Last week's blast of cold, rainy weather sent most of us scrambling to light the furnace and dig out our coats from Back East.
But the breath of arctic air also sent many San Diegans scurrying to provide emergency shelter for those without home or hearth.
Of particular note were the remarkable efforts of Suzanne Pohlman, executive director of the North County Interfaith Council, and officials at Palomar College.
When temperatures threatened to drop into the low 30s last weekend, Pohlman and her staff took it upon themselves to find a shelter for the homeless in North County because the county's recently approved emergency plan is not ready yet.
Palomar College lent the use of its student union on a half-hour's notice; within about three hours, Edgemoor Geriatric Hospital had delivered mattresses. The county arranged for bus passes. The public donated blankets and the council handled the food. County mental health workers and officers from the Sheriff's Department and North County police departments lent assistance to the center, which housed up to 50 people over the weekend, some of them children.
When the campus reopened for classes Monday, Pohlman was faced with the task of finding new quarters for the shelter. A cramped Salvation Army soup kitchen was used until Thursday, when warmer weather returned.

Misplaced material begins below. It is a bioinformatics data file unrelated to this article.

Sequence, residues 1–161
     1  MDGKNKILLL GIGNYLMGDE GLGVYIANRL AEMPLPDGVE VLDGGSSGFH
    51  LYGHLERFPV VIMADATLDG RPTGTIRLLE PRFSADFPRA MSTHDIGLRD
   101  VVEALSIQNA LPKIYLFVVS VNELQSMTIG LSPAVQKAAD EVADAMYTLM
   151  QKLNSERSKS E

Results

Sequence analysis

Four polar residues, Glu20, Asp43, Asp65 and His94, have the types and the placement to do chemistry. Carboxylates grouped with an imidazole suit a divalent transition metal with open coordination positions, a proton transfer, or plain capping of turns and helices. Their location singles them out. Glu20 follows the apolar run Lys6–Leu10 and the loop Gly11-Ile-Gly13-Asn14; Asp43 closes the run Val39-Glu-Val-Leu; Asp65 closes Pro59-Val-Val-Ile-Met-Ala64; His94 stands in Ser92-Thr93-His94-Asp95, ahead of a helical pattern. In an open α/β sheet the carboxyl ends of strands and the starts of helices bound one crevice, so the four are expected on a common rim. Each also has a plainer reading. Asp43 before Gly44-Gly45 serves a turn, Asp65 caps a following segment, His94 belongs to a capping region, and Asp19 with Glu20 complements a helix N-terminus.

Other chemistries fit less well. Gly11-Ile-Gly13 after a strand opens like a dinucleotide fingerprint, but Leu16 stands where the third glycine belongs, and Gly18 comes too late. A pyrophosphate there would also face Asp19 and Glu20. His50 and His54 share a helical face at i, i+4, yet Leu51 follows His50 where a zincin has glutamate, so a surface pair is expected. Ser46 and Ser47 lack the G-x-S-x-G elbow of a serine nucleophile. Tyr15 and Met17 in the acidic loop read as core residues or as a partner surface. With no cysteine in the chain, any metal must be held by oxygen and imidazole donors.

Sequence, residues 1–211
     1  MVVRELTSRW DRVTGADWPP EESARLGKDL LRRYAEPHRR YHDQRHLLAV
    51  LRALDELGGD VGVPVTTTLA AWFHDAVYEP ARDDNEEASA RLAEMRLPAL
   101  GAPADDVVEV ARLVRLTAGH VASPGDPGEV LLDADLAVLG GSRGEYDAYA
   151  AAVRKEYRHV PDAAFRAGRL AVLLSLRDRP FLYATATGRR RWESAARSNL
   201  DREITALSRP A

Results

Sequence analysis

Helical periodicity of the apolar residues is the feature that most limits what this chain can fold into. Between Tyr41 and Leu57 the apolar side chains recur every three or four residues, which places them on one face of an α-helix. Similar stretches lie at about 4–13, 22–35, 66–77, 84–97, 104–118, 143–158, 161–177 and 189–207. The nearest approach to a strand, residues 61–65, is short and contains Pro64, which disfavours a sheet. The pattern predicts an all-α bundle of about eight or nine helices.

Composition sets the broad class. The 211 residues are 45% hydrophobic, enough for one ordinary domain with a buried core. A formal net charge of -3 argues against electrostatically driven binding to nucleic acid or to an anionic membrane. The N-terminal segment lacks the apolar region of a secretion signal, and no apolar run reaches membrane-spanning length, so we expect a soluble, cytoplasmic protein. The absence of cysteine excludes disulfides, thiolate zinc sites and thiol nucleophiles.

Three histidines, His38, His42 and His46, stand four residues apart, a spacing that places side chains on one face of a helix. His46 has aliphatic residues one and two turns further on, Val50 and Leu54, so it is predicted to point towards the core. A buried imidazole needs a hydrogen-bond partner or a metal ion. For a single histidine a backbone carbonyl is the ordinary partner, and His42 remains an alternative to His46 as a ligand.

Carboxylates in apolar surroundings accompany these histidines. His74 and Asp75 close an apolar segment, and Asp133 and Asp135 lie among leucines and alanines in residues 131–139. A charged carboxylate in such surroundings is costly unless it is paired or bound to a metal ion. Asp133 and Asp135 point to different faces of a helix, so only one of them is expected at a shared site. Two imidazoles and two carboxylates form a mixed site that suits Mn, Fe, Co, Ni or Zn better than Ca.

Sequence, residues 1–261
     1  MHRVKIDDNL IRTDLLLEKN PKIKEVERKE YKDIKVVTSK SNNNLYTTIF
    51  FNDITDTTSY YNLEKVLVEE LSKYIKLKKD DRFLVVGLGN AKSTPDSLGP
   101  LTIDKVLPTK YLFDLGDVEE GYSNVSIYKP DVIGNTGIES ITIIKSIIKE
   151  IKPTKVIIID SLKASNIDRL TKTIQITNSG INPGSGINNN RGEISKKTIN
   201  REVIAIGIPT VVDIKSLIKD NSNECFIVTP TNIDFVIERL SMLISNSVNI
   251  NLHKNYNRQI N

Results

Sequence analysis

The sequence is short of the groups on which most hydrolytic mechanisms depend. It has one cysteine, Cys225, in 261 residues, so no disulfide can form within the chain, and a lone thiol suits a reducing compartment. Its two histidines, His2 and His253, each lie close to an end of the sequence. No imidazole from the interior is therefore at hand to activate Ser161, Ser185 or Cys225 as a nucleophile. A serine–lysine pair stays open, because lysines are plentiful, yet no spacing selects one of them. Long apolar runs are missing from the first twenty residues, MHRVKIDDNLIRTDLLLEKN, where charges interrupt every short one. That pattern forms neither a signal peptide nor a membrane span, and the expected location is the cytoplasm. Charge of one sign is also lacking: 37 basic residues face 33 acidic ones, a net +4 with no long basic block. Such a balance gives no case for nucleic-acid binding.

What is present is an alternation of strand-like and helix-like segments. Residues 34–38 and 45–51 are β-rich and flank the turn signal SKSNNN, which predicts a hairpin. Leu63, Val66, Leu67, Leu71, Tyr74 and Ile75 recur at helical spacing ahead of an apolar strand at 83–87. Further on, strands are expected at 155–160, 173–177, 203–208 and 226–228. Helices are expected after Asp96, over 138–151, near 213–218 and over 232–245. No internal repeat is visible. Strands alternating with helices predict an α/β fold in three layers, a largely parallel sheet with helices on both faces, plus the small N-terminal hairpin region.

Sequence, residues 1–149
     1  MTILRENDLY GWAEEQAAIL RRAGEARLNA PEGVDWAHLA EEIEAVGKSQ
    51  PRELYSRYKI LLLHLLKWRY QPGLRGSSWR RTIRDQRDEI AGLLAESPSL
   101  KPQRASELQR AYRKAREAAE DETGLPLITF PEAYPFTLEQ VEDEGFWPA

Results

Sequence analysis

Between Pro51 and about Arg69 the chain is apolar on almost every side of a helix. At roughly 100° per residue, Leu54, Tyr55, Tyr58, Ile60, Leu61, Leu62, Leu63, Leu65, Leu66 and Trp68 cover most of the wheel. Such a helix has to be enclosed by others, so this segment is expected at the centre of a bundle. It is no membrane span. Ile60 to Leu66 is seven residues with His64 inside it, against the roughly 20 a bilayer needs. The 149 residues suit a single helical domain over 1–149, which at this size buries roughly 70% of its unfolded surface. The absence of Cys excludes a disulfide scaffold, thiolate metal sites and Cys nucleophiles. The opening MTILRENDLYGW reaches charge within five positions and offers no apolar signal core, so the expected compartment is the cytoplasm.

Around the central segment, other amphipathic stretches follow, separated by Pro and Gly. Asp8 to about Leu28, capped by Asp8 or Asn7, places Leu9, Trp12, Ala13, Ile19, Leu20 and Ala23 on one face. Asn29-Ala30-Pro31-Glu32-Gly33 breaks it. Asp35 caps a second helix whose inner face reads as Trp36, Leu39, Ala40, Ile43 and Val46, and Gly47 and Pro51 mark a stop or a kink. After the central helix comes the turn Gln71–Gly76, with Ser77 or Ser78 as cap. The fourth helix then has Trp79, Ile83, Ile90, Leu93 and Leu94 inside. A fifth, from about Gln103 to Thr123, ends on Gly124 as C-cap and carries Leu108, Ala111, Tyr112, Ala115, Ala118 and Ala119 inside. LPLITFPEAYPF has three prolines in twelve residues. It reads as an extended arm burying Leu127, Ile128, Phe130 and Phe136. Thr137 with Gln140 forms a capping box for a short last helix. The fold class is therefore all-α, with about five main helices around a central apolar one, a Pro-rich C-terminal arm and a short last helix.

The near-record low temperatures also caught the City of San Diego by surprise. It hadn't finished its plan either, but officials decided to give what they had a try. The results were impressive.
With help and donations from San Diego Life Ministries, the St. Vincent de Paul Joan Kroc Center and the Salvation Army, the city scrambled to house more than 450 people Saturday and Sunday nights at the Municipal Gymnasium in Balboa Park. City employees worked through the weekend. People from the community brought coats, blankets and cookies.
The only bleak moment was when the city closed the center Monday night because temperatures nudged above 35 degrees, the established threshold for declaring an emergency in dry weather. But the city reopened the gym Tuesday and Wednesday nights in the face of a cold rainstorm.
Many people in North County and in downtown San Diego worked long hours to help people who needed it. But it was more than an outpouring of compassion. It was an exercise in caring that worked in an era when many things don't.
Those involved have every right to be proud of their kindness and effectiveness.
Now, it's up to the city and the county to incorporate what they learned during this cold snap as they finish work on their plans. Perhaps this partnership of government and private agencies will provide a basis for more permanent solutions to the problems of the homeless. But the government agencies must do their share. The meager resources of the private organizations already are stretched very thin.